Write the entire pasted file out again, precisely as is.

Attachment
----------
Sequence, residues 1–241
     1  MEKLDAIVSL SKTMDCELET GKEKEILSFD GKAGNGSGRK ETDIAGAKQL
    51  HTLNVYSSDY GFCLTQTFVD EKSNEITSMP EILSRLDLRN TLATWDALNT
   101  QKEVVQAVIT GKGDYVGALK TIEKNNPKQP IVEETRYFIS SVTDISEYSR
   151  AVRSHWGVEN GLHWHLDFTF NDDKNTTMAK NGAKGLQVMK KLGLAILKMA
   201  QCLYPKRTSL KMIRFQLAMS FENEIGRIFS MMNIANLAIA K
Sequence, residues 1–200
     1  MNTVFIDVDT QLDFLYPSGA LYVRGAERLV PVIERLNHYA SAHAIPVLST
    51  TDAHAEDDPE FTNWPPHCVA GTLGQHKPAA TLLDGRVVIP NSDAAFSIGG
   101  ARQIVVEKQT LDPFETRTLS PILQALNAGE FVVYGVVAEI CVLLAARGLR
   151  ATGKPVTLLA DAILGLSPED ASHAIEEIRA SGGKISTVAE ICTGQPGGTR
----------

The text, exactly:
Sequence, residues 1–241
     1  MEKLDAIVSL SKTMDCELET GKEKEILSFD GKAGNGSGRK ETDIAGAKQL
    51  HTLNVYSSDY GFCLTQTFVD EKSNEITSMP EILSRLDLRN TLATWDALNT
   101  QKEVVQAVIT GKGDYVGALK TIEKNNPKQP IVEETRYFIS SVTDISEYSR
   151  AVRSHWGVEN GLHWHLDFTF NDDKNTTMAK NGAKGLQVMK KLGLAILKMA
   201  QCLYPKRTSL KMIRFQLAMS FENEIGRIFS MMNIANLAIA K
Sequence, residues 1–200
     1  MNTVFIDVDT QLDFLYPSGA LYVRGAERLV PVIERLNHYA SAHAIPVLST
    51  TDAHAEDDPE FTNWPPHCVA GTLGQHKPAA TLLDGRVVIP NSDAAFSIGG
   101  ARQIVVEKQT LDPFETRTLS PILQALNAGE FVVYGVVAEI CVLLAARGLR
   151  ATGKPVTLLA DAILGLSPED ASHAIEEIRA SGGKISTVAE ICTGQPGGTR